What if Michael Phelps were a woman?

Story highlights

  • Mel Robbins: When men achieve, we celebrate them; when women achieve, it's more complicated
  • We say: 'How DOES she do it?' instead, the higher women climb, the more personal critique they receive, she says

Mel Robbins is a CNN commentator, legal analyst, best-selling author and keynote speaker. She is a contributing editor for Success magazine. In 2014, she was named outstanding news talk-radio host by the Gracie Awards. The opinions expressed in this commentary are solely those of the author.

(CNN)It really irked me when Hungarian swimmer Katinka Hosszu, (the "Iron Lady") obliterated the world record in the 400-meter individual medley and won three gold medals -- yet an announcer credited her husband as "the person responsible for her performance."

That'd be like the commentators calling Phelps "the fiancé of Miss California USA 2010" (his wife, Nicole, was Miss California) when he won his 20th gold medal. Can you imagine? Nope, neither can I.
    That's because we celebrate men and women who achieve remarkable success -- very differently. It's one of those unconscious biases that we can't see, but exists. When men achieve greatness, we celebrate the achievement. When women achieve greatness, we marvel, question and wonder how she achieved it "how DOES she do it?" It's a subtle but real difference.
    Just imagine if Phelps were a woman. How different the tone and tenor would be in discussing her accomplishments -- and this could come particularly from women:
    Michaela Phelps, the most decorated Olympic athlete of all time. 21 gold medals and counting. (By the way, who's watching her kids?) Multiple world records. (Wait, didn't she go to rehab?) And, her baby is way cuter than yours and already has an Instagram account with 200,000 followers! (What mother pimps their own kid? I bet those flag headphones he wore were from a sponsor!).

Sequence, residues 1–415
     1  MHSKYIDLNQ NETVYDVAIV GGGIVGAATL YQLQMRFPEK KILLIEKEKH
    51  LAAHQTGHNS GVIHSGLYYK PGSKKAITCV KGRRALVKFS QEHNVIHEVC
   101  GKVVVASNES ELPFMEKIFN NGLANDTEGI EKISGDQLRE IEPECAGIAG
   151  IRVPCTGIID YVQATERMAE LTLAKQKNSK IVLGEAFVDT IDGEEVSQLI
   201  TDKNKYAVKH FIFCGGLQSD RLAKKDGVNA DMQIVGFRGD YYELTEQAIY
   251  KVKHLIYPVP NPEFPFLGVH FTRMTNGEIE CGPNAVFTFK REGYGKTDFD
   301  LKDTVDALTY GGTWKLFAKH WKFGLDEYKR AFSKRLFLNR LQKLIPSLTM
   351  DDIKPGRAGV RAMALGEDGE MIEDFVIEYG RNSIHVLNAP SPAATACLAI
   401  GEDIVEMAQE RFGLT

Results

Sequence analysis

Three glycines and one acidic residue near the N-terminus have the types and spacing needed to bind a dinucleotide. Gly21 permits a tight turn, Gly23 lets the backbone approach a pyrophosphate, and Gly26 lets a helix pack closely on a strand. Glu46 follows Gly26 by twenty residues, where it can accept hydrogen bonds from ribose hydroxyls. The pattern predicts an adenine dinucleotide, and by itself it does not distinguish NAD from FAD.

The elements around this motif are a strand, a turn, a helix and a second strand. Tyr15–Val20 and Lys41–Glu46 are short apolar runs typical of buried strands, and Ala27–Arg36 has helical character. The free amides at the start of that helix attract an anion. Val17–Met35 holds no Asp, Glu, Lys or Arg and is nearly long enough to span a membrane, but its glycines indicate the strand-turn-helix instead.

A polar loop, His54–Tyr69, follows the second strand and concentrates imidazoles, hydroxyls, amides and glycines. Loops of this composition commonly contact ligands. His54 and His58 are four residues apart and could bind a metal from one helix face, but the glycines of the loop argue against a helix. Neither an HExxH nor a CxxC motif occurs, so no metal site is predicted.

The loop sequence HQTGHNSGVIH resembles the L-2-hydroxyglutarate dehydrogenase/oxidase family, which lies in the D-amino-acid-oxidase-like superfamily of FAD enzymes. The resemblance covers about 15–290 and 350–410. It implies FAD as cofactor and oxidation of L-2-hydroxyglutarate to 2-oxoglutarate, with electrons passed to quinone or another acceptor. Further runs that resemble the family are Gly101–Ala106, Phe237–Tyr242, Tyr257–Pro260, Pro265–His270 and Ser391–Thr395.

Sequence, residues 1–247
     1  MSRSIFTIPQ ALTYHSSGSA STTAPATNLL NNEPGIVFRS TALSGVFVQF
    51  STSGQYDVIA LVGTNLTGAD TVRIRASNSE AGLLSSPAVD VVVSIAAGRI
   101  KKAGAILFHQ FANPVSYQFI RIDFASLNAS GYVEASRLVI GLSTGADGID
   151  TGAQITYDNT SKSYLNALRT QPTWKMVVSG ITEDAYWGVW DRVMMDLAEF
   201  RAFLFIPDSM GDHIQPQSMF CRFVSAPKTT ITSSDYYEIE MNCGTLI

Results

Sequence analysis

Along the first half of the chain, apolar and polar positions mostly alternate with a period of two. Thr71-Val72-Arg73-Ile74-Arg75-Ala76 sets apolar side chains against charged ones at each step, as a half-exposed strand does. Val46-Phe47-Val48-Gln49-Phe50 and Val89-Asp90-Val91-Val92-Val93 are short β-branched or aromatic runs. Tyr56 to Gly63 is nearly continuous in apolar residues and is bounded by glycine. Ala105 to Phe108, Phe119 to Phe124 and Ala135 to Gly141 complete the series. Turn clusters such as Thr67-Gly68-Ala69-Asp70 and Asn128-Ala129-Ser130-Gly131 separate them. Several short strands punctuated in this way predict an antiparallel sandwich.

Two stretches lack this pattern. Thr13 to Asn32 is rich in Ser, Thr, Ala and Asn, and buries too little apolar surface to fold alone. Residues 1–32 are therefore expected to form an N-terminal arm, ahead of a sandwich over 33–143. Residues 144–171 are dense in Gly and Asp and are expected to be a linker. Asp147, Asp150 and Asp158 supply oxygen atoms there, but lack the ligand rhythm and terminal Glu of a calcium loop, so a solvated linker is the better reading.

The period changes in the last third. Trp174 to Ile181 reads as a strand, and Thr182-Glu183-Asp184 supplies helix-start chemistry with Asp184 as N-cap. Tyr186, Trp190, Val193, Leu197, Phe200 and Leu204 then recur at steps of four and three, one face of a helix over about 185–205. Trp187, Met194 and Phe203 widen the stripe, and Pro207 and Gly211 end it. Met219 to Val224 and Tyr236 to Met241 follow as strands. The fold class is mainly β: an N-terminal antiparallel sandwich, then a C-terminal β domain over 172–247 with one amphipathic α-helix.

Between the big ticket sponsorships, the perfect abs, the picture on the Wheaties box, the supportive, gorgeous fiancé, and an adorable baby boy, named -- it's all too amazing -- "Boomer," It would be all too much for a lot of us to stand.
    But we're not done! Have we mentioned she is a perfect specimen for swimming -- has the wingspan of a condor, abs like a car radiator and legs of steel, joints that hyperextend, perfect body proportions and size 14 feet; that's some spectacular DNA when milliseconds matter. Remember that dramatic finish in the Beijing 100 meter in 2008 when she won the gold by an inch? (I hated her manicure at that meet; it didn't match the uniform) Have we mentioned how DOES she do it?
    I could rattle off a long list of women at the top of their game -- Sheryl Sandberg, Gisele Bundchen, Megyn Kelly -- and they would all tell you that the higher they climb, the more the critique they receive becomes personal -- about their bodies, their personal lives and how they parent. Trump dismissed Carly Fiorina that exact way: "that face."
    I happen to be in awe of Phelps and the guy deserves everything he has because he has worked his ass off. I am using Phelps to make a point:
    That we observe the success of men and women differently. That all too often we are jealous of a dominant woman's ability to "have it all." Or we pass the credit to someone else, like they did with Housszu.
    The truth is, there is no success in life without hard work. And men and women become successful the exact same way.
    If you wonder how Phelps does it, the answer is straightforward: He follows a winning formula that works for everyone. It's a simple formula but it's not easy. It requires focus, determination, hard work, a tight support team and tens of thousands of hours of practice honing one's craft. Forget that 10,000 hour rule that Malcolm Gladwell talked about in "Outliers," Phelps and Hosszu have probably spent 100k in the pool. Just like your favorite superstars, artists, geniuses and business owners have spent those same hours on their craft.
    It is the same, whether it's a phenomenon like Phelps, or the more typical Olympic athlete who earns $15,000 a year and goes into debt getting to the Olympics.
    At the end of the day, the person who is responsible for your success and your failures is you. Do you need support? Yes. Does it help to have an awesome coach and a loving family? Absolutely. Does your family make sacrifices as you pursue your dreams? They sure do.
    But to be great -- you will need the same thing that made Phelps a legend -- the ability to kick your own ass over and over again.
    The cyborg physique helps, but it ain't required; just ask Steph Curry or Gabby Douglas. I just wish we'd cheer the same for them all, because they sure do deserve it.